1. Atomic spin resonance in a rubidium beam obliquely incident to a transmission magnetic grating

    International Nuclear Information System (INIS)

    Hatakeyama, A; Goto, K

    2016-01-01

    We studied atomic spin resonance induced by atomic motion in a spatially periodic magnetostatic field. A rubidium atomic beam, with a velocity of about 400 m s −1 , was obliquely incident to a transmission magnetic grating that produced a spatially periodic magnetic field. The magnetic grating was formed by a magnetic thin film on a polyimide substrate that had multiple slits at 150 μm intervals. The atoms experienced field oscillation, depending on their velocity and the field period when passing through the grating, and underwent magnetic resonance. Resonance spectra obtained with a perpendicular magnetization film were in clear contrast to ones obtained with an in-plane magnetization film. The former exhibited resonance peaks at odd multiples of the frequency, determined by the velocity over the period, while the latter had dips at the same frequencies. (paper)

  2. American Institute of Beamed Energy Propulsion: An Introduction

    International Nuclear Information System (INIS)

    Pakhomov, Andrew V.

    2008-01-01

    To date ISBEP remains the main forum addressing the science and engineering of beamed energy propulsion. Hopefully, it will continue to serve BEP community in this capacity for years to come. The need for organization acting beyond ISBEP was discussed since the second symposium. This paper will address the following question: if our community is ready for having its own organization, a BEP institute, what new it should bring comparing to already existing conference. Such organization, an American Institute on Beamed Energy Propulsion (AIBEP) was recently established. The institute is designed as a nonprofit corporation serving the purpose 'to promote the ideas, concepts and benefits of beamed-energy propulsion to research community, industry and society at large'. The goals of the institute, expected outcomes and benefits of the organization and its membership will be discussed

  3. Staging laser plasma accelerators for increased beam energy

    International Nuclear Information System (INIS)

    Panasenko, Dmitriy; Shu, Anthony; Schroeder, Carl; Gonsalves, Anthony; Nakamura, Kei; Matlis, Nicholas; Cormier-Michel, Estelle; Plateau, Guillaume; Lin, Chen; Toth, Csaba; Geddes, Cameron; Esarey, Eric; Leemans, Wim

    2008-01-01

    Staging laser plasma accelerators is an efficient way of mitigating laser pump depletion in laser driven accelerators and necessary for reaching high energies with compact laser systems. The concept of staging includes coupling of additional laser energy and transporting the electron beam from one accelerating module to another. Due to laser damage threshold constraints, in-coupling laser energy with conventional optics requires distances between the accelerating modules of the order of 10m, resulting in decreased average accelerating gradient and complicated e-beam transport. In this paper we use basic scaling laws to show that the total length of future laser plasma accelerators will be determined by staging technology. We also propose using a liquid jet plasma mirror for in-coupling the laser beam and show that it has the potential to reduce distance between stages to the cm-scale.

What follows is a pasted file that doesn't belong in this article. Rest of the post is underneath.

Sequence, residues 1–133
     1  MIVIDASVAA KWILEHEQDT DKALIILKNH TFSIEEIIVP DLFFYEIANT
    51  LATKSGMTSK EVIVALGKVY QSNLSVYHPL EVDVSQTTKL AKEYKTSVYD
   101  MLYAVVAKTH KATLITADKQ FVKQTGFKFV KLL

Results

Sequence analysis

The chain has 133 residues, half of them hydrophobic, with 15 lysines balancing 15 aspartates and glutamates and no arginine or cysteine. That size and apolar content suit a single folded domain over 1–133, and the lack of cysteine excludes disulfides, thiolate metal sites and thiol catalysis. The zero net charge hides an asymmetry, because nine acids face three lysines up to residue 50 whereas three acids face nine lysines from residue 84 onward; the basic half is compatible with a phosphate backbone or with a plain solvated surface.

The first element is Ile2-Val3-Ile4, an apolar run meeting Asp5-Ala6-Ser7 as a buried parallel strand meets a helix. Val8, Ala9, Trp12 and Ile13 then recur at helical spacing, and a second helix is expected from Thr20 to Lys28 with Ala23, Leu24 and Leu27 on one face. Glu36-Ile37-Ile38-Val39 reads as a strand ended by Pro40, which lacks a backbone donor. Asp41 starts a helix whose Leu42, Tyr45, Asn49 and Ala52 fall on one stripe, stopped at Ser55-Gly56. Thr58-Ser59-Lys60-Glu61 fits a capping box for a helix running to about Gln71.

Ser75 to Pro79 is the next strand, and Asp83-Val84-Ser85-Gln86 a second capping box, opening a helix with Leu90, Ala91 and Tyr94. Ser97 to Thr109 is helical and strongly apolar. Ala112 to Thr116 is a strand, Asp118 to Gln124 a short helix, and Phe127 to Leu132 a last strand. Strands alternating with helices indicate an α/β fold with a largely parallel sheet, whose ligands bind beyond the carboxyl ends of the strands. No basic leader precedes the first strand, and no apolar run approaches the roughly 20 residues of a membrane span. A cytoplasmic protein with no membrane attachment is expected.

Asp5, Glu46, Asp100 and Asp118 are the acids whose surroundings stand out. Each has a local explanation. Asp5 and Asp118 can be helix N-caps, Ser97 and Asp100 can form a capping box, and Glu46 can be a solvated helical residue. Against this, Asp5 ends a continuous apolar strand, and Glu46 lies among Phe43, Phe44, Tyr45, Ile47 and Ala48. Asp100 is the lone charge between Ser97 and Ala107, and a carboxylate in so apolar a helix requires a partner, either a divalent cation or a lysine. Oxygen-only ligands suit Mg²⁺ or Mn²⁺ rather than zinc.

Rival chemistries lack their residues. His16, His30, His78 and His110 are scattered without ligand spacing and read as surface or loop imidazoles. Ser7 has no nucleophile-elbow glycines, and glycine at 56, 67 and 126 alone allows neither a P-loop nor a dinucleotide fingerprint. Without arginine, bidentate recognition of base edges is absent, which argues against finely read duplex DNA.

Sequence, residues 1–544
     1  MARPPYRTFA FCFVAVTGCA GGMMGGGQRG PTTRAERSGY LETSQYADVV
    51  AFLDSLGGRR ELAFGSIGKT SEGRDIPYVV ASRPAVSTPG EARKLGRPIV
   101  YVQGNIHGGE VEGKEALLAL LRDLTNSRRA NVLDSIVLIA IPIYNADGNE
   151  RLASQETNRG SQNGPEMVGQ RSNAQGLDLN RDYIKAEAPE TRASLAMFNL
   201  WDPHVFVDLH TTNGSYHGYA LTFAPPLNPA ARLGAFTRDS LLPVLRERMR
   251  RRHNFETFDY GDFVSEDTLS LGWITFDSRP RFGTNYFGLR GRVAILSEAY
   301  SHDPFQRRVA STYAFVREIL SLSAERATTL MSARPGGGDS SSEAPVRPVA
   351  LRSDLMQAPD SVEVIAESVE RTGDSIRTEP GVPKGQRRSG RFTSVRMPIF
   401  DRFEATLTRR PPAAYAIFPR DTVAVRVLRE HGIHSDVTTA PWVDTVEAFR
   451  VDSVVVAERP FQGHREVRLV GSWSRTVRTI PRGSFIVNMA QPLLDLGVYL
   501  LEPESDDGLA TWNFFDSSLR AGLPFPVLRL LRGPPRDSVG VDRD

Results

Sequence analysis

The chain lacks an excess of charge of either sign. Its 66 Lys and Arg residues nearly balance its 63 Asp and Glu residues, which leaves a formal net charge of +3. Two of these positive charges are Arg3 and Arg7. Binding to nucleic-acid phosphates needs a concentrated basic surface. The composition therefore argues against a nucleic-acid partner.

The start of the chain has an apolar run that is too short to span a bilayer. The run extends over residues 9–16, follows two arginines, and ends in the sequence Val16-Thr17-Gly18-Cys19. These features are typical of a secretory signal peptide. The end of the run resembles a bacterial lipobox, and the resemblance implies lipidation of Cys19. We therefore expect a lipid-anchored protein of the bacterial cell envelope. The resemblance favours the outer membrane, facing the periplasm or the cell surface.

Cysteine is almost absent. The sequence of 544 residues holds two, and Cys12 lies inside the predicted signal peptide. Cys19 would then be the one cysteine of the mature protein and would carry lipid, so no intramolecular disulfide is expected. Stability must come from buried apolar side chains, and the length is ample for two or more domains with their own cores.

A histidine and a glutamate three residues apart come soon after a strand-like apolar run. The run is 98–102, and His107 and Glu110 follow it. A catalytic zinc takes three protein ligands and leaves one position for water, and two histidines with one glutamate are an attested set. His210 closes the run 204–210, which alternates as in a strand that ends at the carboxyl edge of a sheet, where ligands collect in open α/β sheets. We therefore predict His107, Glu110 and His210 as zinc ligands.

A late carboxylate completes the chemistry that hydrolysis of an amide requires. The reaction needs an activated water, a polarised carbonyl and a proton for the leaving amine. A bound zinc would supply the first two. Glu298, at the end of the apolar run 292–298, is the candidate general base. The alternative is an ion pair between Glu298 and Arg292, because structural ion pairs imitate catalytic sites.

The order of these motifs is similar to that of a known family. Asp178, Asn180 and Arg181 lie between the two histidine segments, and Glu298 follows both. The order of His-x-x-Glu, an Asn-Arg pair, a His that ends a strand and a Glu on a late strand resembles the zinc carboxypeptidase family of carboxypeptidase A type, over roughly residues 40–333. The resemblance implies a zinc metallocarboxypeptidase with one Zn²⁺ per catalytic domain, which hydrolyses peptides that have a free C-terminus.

4. Detailed characterisation of the incident neutron beam on the TOSCA spectrometer

    Science.gov (United States)

    Pinna, Roberto S.; Rudić, Svemir; Capstick, Matthew J.; McPhail, David J.; Pooley, Daniel E.; Howells, Gareth D.; Gorini, Giuseppe; Fernandez-Alonso, Felix

    2017-10-01

    We report a detailed characterisation of the incident neutron beam on the TOSCA spectrometer. A bespoke time-of-flight neutron monitor has been designed, constructed and used to perform extensive spatially resolved measurements of the absolute neutron flux and its underlying time structure at the instrument sample position. The obtained data give a quantitative understanding of the current instrument beyond neutronic simulations and provide a baseline in order to assess the performance of the upgraded instrument. At an average proton current-on-target of 153 μA (ISIS Target Station 1; at the time of measurements) we have found that the wavelength-integrated neutron flux (from 0.28 Å to 4.65 Å) at the position of the TOSCA instrument sample (spatially averaged across the 3 × 3cm2 surface centred around (0,0) position) is approximately 1 . 2 × 106 neutrons cm-2s-1, while the whole beam has a homogeneous distribution across the 3 . 0 × 3 . 5cm2 sample surface. The spectra reproduced the well-known shape of the neutrons moderated by the room temperature water moderator and exhibit a neutron flux of 7 . 3 × 105 neutrons cm-2s-1Å-1 at 1 Å.